The grown child rides in the backseat, only half-listens
as Mom and Pop bicker. Lapses into sizzle
of splash beneath them. His hometown lit for Christmas
blurs at the car window; he’s back
in that landscape he’d ached in more than half a life ago
where he wanted absolutely nothing
more than guts enough to run away.
And what was so terrible? They neither
beat him nor mistreated him more than most
kids are forbidden in front of their parents to be who they really are.
Funny how willful seldom get what they ask for. He’d asked
his parents (hadn’t he?) over and over in the absence
of his emotions, the ghost of good behavior—gulping his liver
and onions with tall glasses of whole milk—
swallowing the unspoken prayer at the table
that Mom and Dad quit the squabble, stuff it
like he’d learned he had to. A solid couple
dozen years later nothing’s changed
and everything’s different: same old man at the wheel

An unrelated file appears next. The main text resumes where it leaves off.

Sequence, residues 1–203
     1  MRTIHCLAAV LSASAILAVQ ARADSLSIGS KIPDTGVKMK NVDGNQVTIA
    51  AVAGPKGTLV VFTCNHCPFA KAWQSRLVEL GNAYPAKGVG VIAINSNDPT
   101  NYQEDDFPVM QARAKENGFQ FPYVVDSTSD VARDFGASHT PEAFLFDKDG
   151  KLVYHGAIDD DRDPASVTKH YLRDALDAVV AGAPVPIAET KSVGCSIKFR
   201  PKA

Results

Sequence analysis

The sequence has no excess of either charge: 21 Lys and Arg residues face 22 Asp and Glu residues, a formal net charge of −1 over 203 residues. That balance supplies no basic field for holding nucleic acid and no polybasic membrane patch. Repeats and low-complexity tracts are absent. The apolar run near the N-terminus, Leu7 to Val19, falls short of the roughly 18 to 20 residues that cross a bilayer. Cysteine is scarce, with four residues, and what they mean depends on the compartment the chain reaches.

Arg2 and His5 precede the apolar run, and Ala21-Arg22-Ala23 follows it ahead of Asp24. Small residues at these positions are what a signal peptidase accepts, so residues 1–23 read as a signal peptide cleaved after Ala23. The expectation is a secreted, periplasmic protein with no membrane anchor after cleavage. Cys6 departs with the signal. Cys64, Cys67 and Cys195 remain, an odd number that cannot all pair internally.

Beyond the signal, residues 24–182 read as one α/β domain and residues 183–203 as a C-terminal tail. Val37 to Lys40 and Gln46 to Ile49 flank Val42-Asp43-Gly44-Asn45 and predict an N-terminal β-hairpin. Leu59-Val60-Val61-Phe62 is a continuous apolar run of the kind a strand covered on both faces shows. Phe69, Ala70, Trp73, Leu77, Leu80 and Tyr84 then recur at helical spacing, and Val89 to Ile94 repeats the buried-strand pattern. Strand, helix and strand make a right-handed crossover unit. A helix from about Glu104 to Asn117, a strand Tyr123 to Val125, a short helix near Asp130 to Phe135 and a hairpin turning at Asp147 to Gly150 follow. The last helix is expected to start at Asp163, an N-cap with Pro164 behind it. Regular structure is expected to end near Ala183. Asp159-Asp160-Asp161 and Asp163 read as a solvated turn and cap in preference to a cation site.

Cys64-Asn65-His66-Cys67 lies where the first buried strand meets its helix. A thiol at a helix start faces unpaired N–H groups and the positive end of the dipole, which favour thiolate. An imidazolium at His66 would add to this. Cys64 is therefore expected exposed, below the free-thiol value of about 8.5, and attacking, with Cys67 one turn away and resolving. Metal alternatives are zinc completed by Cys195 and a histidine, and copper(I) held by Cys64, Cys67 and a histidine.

and old lady crabbing beside him. They’ve shrunk
to rodent-size, wrinkled and gray, eyes wide
with magnified terror of the nearsighted. Hardly
worth whatever anger he’d ever held for them.
And somehow closer now, everyone.
Mom and Pop squall in a dialect needing both mouths
to mix the words right, while the son sits like a stone at his post,
listening, but not. Mumbling lines they expect
of his visits year by year. And smiling to recall
the song he invented that night, hidden
in the closet of the practice room, a brick wall
between himself and the high school band’s Yuletide concert;
his parents sleepy in the blindness beyond stage lights,
applauding what they assumed they could hear.
—from Rattle #26, Winter 2006